Maziarz v. Housing Authority of the Town of Vernon: A man who claims the Vernon Housing Authority discriminated against disabled, senior-citizen tenants has settled his lawsuit with the agency for $215,000.
A pair of Connecticut pharmacies have reached civil settlement agreements with the federal government over allegations that they fraudulently filled prescriptions. The two pharmacies will pay a combined $90,000 to settle the accusations.
A high school senior whose life was forever altered in 2006 when he was struck by a truck and thrown 20 feet in the air was awarded $12.2 million by a New Haven jury. With interest stemming from an earlier settlement offer, the verdict will cost the town of East Haven $15.85 million.
United States v. Conopco Inc. d.b.a. Unilever Home and Personal Care USA: Health and beauty product maker Unilever has agreed to pay $4.5 million in criminal penalties after pleading guilty to two felony environmental violations at its former manufacturing plant in Clinton.
The plaintiffs could not sue Chrysler because the automaker had filed for bankruptcy in 2009 and was protected by federal law from damages lawsuits. However, state law permitted the plaintiffs to go after the dealership that initially sold the vehicle.
U.S. Commodity Futures Trading Commission v. Sharif: A federal judge in Connecticut has ordered a man accused of running a Ponzi scheme that defrauded investors of millions of dollars to pay more than $3 million in restitution and civil penalties.
It's not often that the family of a murder victim files a civil suit against a suspected killer. The O.J. Simpson civil case may be the most notable exception, though it's said that the civil action was less about collecting damages and more about proving that the former football star, who was acquitted in criminal court, actually killed his ex-wife and a male friend.
Connecticut Yankee Atomic Power Company v. The United States: A federal court has awarded $235.4 million in damages to the owners of three decommissioned nuclear power plants in New England, including Connecticut Yankee in Haddam Neck, Conn., to reimburse the companies for the costs of storing spent nuclear fuel.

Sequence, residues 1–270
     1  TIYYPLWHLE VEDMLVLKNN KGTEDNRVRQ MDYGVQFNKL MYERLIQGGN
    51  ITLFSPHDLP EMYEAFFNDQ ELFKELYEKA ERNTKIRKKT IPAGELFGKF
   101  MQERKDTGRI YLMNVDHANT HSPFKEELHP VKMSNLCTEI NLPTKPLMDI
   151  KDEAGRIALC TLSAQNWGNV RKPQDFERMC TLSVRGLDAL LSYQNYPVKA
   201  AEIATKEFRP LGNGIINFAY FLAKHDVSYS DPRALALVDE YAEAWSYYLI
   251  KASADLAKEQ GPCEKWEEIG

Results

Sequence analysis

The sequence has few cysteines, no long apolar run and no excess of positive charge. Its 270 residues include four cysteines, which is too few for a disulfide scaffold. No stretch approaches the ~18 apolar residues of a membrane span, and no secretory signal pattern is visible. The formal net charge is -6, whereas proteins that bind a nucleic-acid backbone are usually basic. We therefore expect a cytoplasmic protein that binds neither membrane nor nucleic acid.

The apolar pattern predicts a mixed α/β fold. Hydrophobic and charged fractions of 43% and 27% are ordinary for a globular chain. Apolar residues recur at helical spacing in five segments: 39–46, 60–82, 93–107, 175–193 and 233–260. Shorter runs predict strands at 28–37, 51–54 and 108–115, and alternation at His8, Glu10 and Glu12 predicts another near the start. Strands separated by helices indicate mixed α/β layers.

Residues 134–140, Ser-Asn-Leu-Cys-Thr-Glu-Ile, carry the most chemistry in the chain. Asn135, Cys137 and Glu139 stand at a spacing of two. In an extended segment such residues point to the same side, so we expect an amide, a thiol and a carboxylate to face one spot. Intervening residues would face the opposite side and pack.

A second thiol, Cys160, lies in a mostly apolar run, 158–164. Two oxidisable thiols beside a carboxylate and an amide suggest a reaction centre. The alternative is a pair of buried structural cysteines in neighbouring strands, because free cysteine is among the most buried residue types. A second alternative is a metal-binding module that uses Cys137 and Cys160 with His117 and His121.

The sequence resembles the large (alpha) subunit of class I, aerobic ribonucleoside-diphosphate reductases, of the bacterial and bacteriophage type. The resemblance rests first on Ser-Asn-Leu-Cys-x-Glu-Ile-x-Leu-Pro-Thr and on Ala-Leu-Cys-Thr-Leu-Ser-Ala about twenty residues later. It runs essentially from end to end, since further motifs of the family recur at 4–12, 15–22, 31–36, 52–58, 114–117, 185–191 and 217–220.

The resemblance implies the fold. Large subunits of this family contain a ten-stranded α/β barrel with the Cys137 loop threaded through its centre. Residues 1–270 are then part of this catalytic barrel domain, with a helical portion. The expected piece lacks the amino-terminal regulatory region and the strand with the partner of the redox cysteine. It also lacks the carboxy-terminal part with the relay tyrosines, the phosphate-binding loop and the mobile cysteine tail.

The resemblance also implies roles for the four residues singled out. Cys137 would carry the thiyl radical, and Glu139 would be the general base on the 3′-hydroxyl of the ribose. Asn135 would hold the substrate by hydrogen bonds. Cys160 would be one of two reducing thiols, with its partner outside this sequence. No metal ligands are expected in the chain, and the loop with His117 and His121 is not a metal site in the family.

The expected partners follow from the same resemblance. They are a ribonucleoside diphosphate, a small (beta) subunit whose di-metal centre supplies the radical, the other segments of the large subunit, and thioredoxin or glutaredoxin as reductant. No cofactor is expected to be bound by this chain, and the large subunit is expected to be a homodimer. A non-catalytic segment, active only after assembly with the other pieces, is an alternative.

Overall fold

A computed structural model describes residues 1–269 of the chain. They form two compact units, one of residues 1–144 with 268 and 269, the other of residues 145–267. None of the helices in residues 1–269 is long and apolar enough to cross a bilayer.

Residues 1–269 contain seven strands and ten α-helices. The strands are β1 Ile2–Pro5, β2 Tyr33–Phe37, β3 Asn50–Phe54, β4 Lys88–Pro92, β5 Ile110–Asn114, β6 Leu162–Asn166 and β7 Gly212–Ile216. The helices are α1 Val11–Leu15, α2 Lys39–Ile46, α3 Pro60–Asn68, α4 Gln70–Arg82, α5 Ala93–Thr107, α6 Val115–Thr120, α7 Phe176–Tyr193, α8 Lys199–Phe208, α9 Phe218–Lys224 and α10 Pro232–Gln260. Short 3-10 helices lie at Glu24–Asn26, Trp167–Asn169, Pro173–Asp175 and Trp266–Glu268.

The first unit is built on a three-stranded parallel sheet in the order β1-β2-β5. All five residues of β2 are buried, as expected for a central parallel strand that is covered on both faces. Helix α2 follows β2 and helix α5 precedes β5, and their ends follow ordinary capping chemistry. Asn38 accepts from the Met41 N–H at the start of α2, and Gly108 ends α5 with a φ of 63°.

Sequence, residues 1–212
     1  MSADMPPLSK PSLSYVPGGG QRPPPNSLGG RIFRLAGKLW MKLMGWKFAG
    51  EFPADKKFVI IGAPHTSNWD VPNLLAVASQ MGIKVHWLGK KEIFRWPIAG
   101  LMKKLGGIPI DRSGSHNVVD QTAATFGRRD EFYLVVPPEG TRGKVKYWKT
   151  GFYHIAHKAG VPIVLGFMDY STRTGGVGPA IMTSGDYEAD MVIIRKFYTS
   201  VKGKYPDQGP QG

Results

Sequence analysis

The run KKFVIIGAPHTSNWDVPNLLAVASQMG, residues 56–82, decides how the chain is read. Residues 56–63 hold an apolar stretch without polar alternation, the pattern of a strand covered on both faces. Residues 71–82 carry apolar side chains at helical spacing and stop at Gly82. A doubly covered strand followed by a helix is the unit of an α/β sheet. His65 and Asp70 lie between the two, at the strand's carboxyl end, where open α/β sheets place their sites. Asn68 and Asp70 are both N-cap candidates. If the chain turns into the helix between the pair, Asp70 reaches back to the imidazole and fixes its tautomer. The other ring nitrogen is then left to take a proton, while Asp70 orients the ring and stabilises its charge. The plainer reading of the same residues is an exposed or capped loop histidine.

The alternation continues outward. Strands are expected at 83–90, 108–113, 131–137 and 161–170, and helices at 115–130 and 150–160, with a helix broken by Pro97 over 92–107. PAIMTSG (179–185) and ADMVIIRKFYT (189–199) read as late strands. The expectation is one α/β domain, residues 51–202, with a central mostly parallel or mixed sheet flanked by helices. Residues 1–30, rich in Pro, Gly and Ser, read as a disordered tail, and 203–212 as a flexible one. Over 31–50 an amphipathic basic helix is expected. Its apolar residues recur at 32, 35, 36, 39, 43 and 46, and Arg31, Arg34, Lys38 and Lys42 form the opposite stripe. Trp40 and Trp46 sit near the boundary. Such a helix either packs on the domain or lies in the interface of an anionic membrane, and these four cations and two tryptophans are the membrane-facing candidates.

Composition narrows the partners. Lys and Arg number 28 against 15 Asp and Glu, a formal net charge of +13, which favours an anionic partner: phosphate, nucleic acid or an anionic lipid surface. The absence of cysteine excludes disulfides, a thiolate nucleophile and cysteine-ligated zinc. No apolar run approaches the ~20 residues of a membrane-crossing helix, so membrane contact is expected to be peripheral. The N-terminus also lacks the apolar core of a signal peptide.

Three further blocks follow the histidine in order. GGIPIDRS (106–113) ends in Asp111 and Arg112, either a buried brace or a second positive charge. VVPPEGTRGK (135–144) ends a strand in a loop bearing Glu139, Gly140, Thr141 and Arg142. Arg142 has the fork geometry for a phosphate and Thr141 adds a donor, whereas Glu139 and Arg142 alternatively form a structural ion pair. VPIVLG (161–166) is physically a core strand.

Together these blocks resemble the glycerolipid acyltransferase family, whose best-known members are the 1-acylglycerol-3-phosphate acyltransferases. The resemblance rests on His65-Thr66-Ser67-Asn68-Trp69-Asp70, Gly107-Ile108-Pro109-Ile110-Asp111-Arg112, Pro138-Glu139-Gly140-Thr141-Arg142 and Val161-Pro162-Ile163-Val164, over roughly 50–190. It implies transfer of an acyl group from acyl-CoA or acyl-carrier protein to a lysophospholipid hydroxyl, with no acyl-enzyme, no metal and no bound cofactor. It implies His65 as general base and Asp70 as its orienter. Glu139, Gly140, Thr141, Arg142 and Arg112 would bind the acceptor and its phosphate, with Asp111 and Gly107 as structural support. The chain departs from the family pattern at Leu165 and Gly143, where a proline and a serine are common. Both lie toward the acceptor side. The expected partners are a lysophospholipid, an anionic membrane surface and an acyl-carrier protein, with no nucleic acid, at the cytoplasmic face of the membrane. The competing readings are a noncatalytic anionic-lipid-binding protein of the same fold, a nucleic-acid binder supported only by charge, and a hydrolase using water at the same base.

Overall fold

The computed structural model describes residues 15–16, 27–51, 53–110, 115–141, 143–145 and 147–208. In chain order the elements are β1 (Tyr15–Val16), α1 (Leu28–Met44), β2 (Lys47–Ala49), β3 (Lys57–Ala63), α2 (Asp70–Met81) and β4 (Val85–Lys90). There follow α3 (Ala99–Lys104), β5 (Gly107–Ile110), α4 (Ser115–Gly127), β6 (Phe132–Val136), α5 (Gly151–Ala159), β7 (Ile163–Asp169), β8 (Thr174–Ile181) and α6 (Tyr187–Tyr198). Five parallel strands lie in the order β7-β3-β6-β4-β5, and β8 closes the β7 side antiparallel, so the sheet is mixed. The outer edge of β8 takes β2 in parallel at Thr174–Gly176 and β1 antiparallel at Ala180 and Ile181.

Amy Thornton v. Pitney Bowes Inc. & Indemnity Insurance Company of North America: A woman who suffered a fractured skull in an accident on her way to the airport for a business trip has recovered $1.2 million in a workers' compensation settlement with her employer.
Nicole Dzienis v. Pig's Eye Pub: A young woman who was left partially paralyzed following a car crash was unable to win a lawsuit against a bar that served alcohol to her underage friend, who was driving.
A North Branford trucking company has been ordered by the U.S. Department of Labor to withdraw what government officials consider to be a retaliatory lawsuit filed against two former workers who complained about on-the-job safety concerns. The company, Palumbo Trucking Inc., must also pay the two men $60,000 in damages.
Barbara Lucas v. Louis Tine et al.: A woman who claims a pickup truck backed into her vehicle in a drug store parking lot and caused her back and neck injuries was unable to convince a jury that the truck driver was at fault.